Monday, May 12, 2014
Snark, unchecked, can lead to instability: an irony of free speech
I’ve addressed the Donald Sterling situation before, including the questionable way in which the comments were made public. I can certainly say that if I had an “intimate” or “romantic” relationship with someone or wanted that kind of relation with anyone, I cannot imagine speaking to such a person (whom by definition I would admire or affiliate “upward” with) in that manner, even in the most private circumstances. His subsequent comments are filled with logical contradictions, which I suspect will continue tonight in front of Anderson Cooper. It is striking to me, and hard to process, that "you" can provide for someone, say you love him or her (sort of, as like a pet) and still talk the person (singular or plural) as inferior to you. I don't process that in my own situations.
There’s a bigger question, about the “sticks and stones” proverb. Words can really hurt you. It does seem now that expression of certain attitudes (maybe race is the most obvious but not the only issue) from people with any kind of public prominence or influence has indeed become unacceptable. Insults can be harmful. We wonder why they are met with such violence in other parts of the world (especially from radical Islam), sometimes brought to our shores.
I think that an “insult”, at least one which suggests that the target of the insult is less than equal to other human beings, even if his or her life is still “valuable” as a human being’s in some abstract sense, tends to make those of less fortunate backgrounds have less confidence that they can get a fair shake or (as Elizabeth Warren writes, in a book yet to be reviewed. “A Fighting Chance”) in an open, progressive, and (or but) individualistic (possibly hyperindividualistic) society. (Something suddenly comes to mind: when I was a graduate assistant instructor teaching remedial algebra at the University of Kansas in 1966, I was admonished, “You’ve lost the confidence of your students.” Another little incident where I insulted a bartender with a recklessly small tip in NYC around 1976 comes to mind. So does a particularly disturbing incident in gym class in ninth grade in 1958, described in some detail in Chapter 1 of my first book.) This loss of belief that the world can somehow become “fair” enough tends to lead to instability, and contributes to increasingly brazen crimes sometimes.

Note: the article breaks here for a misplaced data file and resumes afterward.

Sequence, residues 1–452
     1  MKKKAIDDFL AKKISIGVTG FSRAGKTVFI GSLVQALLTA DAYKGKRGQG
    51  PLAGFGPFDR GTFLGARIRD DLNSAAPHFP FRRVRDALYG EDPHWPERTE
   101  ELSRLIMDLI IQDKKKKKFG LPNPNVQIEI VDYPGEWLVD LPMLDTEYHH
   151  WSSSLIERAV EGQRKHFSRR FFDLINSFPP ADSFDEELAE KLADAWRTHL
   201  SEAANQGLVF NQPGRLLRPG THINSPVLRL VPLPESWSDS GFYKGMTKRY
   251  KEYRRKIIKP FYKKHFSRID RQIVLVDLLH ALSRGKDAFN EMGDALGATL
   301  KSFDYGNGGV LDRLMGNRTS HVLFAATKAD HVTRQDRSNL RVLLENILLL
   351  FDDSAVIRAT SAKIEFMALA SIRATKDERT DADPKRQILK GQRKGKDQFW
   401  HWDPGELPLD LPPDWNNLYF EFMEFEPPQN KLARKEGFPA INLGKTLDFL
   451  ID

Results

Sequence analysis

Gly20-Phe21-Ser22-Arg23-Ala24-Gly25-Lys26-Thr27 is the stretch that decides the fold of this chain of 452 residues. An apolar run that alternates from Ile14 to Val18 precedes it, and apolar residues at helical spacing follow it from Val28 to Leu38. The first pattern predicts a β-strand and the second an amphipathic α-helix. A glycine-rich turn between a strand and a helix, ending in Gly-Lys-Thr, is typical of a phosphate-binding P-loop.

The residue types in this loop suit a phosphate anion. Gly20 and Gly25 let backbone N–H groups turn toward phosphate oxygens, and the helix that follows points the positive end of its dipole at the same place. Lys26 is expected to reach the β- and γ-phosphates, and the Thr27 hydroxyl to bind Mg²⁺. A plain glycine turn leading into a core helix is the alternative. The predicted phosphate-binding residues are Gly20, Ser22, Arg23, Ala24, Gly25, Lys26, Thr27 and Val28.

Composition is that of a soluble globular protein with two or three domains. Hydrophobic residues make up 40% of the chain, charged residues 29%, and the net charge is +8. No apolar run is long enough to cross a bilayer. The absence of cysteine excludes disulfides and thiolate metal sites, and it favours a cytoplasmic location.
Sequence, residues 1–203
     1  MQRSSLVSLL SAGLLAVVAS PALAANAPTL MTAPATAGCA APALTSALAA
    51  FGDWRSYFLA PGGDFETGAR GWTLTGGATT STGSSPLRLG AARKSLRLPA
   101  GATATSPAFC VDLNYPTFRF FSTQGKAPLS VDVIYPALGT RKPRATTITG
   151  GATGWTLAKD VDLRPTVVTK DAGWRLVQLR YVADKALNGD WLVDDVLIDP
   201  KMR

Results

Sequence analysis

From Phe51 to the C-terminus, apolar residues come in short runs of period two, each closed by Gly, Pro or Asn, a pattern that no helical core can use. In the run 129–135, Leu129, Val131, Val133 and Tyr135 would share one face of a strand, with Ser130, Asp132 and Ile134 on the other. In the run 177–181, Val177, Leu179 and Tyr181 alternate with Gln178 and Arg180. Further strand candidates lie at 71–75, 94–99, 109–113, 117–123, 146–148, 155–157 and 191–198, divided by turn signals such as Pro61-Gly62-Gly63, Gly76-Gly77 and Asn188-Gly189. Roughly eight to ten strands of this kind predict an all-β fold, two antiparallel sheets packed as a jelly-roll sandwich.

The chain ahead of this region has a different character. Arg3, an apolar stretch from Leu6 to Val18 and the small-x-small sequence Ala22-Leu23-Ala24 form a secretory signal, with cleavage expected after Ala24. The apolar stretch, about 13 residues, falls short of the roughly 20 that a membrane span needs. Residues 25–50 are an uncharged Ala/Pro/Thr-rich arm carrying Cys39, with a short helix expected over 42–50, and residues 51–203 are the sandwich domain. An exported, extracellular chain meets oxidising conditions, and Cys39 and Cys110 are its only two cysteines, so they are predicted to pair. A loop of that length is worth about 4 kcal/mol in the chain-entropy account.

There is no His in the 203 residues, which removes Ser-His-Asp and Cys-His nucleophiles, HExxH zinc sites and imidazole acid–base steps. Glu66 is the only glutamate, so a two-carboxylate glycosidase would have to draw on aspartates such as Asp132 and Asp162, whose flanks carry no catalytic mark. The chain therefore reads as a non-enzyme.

The gay male community is capable of catty personal behavior sometimes, in mimicry or mockery of the taunts and behaviors that they have individually endured. It has been common, for example, for gay men among themselves to make comments about the sexual attractiveness of others, or say things like “He can do better than that.” In fact, straight men used to say this about other men’s girl friends. I’ve heard this in the workplace. (I’ve also heard remarks about professional football players that would be considered rabidly racist today but that were perfectly acceptable in Dallas, Texas in the early 1980s.) Even today, in movie reviews, I sometimes make comments about characters or actors that reflect those sentiments, as if everyone believed them at some level. Yet, I wonder. Suppose I were a manager with direct reports in the workplace, or a teacher with the authority to grade students. Someone finds the remarks, which used to be acceptable and commonplace, and wonders if “I” will think less of them as someone with the authority to grade them or influence the course of their lives. Suddenly, irony becomes snarky. This problem was evolving for several years before Facebook was commonly used. It had a bearing on my own course as a substitute teacher.
There is an irony in all of this. We have the right to reject people, to give and withhold consent for relationships, and express our values. Yet, sometimes these values reflect the authoritarian or overly-meritocratic culture in which we were raised which, frankly, wasn’t very willing to take fortune into account. When freely expressed today, they can boomerang. In the wrong hands, they can lead right back to a totalitarian state – even though I can see the arguments that the problems recurring overseas today are more the result of nationalistic, imperialistic and religious conflicts over generations than just personal values.
The “snark” factor is what therapists called “stepping on their toes” when “treating” me in 1962. I had been led to feel inadequate, but my “behavior” (perhaps retaliatory) was seen as intended to make other men feel less confident that they could date, marry and procreate themselves. (If I was already “fallen”, they could very well “fall” too.) That’s one of the biggest reasons why homophobia exists. No wonder rogue or calculating politicians can use it as a diversion.